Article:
Savatage - Gutter Ballet review
|Release date:||December 1989|
01. Of Rage And War
02. Gutter Ballet
03. Temptation Revelation
04. When The Crowds Are Gone
05. Silk And Steel
06. She's In Love
08. The Unholy
09. Mentally Yours
10. Summer's Rain
11. Thorazine Shuffle
12. All That I Bleed [Piano version] [1997 Edel Music CD reissue bonus]
13. Hounds [Live at Lamour, Brooklyn] [2002 SPV CD reissue bonus]
14. When The Crowds Are Gone [Live at Hollywood Palace] [2002 SPV CD reissue bonus]
15. Alone You Breathe [Acoustic version] [2011 EarMusic CD reissue bonus]
16. Handful Of Rain [Acoustic version] [2011 EarMusic CD reissue bonus]
Album number five for Savatage witnessed a change of direction and a good bit of experimenting with new sounds. Not surprising, considering that with the much-lauded Hall Of The Mountain King they had taken their old sound as far as they could, and it was innovate or stagnate. With Gutter Ballet they tried something new.
If you are more familiar with Savatage's more recent concept albums all following interesting story lines, I think it is important to note that Gutter Ballet is not a concept album. Still, the ending trilogy consisting of ''Mentally Yours'', ''Summer's Rain'' and ''Thorazine Shuffle'' has strong lyrical bounds. All of them were written when vocalist Jon Oliva came out of alcohol and drug rehab. Gutter Ballet is a transition album from Savatage's old heavy metal roots to the more prog-driven new sound incorporating keyboards and pianos in their music. Pianos would eventually become indispensable elements to their songwriting. On this album they used it mainly in the title track, the amazing ballad ''When The Crowds Are Gone'', the beautiful instrumental ''Temptation Revelation'', and some others. The only song I don't like as much as the rest is ''She's In Love''. Actually it's got a very good groove but I think its lyrics somewhat pale in comparison with the solid statements offered by the other tunes. Jon Oliva's voice may need a little time to grow on you, especially compared to Zak Stevens', but no one can touch Jon on pure raw emotion.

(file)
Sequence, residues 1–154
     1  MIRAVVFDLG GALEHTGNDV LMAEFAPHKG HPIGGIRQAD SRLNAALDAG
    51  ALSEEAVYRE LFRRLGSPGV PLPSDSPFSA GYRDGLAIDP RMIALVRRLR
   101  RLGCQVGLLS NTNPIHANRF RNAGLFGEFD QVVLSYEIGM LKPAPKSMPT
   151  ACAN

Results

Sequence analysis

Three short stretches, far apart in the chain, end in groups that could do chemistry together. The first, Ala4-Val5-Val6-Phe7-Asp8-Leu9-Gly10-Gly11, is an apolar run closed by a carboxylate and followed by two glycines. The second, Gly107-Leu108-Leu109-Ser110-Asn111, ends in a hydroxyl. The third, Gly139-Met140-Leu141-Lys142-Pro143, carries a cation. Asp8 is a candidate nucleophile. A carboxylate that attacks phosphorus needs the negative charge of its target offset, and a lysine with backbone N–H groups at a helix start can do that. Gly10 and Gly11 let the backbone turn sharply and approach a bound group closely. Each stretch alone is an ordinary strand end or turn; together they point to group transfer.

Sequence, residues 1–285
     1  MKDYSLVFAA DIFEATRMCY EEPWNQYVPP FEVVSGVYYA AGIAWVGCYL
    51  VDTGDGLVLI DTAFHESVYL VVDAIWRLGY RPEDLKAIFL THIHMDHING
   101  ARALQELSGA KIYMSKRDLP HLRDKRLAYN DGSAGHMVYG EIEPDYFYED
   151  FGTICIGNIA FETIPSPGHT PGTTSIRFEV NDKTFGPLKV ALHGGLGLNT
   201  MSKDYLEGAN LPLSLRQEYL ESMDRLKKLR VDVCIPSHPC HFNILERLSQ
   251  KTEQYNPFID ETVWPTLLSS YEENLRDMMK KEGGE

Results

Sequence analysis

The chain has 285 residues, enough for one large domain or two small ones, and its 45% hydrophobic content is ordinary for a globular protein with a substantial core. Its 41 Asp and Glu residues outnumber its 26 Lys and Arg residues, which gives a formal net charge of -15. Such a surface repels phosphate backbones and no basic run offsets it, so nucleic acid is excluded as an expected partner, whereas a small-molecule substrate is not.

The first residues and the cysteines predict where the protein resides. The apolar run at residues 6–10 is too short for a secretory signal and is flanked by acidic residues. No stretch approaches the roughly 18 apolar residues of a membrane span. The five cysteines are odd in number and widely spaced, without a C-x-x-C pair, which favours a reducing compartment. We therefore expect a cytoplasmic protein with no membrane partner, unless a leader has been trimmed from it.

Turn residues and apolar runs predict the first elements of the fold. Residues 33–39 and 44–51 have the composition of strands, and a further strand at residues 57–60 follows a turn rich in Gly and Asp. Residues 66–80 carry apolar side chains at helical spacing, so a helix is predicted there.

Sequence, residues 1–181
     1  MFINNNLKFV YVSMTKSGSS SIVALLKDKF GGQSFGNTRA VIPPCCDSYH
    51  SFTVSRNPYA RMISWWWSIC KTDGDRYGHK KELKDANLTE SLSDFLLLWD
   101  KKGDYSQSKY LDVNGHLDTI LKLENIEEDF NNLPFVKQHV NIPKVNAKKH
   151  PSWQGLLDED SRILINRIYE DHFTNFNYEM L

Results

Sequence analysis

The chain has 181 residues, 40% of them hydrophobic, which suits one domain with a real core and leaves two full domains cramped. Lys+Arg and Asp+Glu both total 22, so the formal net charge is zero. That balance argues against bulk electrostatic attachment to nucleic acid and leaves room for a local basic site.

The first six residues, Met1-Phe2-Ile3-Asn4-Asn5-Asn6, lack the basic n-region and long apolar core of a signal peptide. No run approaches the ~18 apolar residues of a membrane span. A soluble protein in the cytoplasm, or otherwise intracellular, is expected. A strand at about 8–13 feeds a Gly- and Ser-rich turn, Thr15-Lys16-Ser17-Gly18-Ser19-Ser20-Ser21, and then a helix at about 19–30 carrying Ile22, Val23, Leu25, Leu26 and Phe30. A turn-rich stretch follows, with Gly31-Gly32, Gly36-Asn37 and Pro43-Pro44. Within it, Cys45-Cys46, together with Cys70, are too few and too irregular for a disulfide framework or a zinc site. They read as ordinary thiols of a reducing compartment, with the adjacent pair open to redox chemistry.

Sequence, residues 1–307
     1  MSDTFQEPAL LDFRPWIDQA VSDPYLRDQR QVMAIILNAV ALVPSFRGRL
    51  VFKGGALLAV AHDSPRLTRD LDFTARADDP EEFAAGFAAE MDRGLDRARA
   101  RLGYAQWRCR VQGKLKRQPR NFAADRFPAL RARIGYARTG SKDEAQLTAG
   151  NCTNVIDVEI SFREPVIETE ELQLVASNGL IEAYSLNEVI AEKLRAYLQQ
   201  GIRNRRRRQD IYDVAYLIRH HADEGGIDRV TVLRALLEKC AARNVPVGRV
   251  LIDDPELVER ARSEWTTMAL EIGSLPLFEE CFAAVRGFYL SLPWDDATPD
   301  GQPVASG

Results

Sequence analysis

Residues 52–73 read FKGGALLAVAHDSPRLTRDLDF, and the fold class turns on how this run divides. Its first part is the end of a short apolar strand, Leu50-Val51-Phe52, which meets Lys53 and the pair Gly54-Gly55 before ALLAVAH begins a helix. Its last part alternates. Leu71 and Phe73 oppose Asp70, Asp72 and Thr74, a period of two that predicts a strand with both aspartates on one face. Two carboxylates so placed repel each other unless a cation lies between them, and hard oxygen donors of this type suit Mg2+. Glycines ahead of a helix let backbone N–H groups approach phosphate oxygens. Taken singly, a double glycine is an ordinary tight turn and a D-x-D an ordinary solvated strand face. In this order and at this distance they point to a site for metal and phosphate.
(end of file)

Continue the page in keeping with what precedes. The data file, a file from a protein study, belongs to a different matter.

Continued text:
In the future Savatage would delve even more fully into progressive/orchestral music, but this is where it started. Gutter Ballet is a bit uneven in places, and some of the more straight-up tracks are only so-so, but the good stuff here is very, very good. This one is a piece of metal history, and a genuine classic. You should have it.
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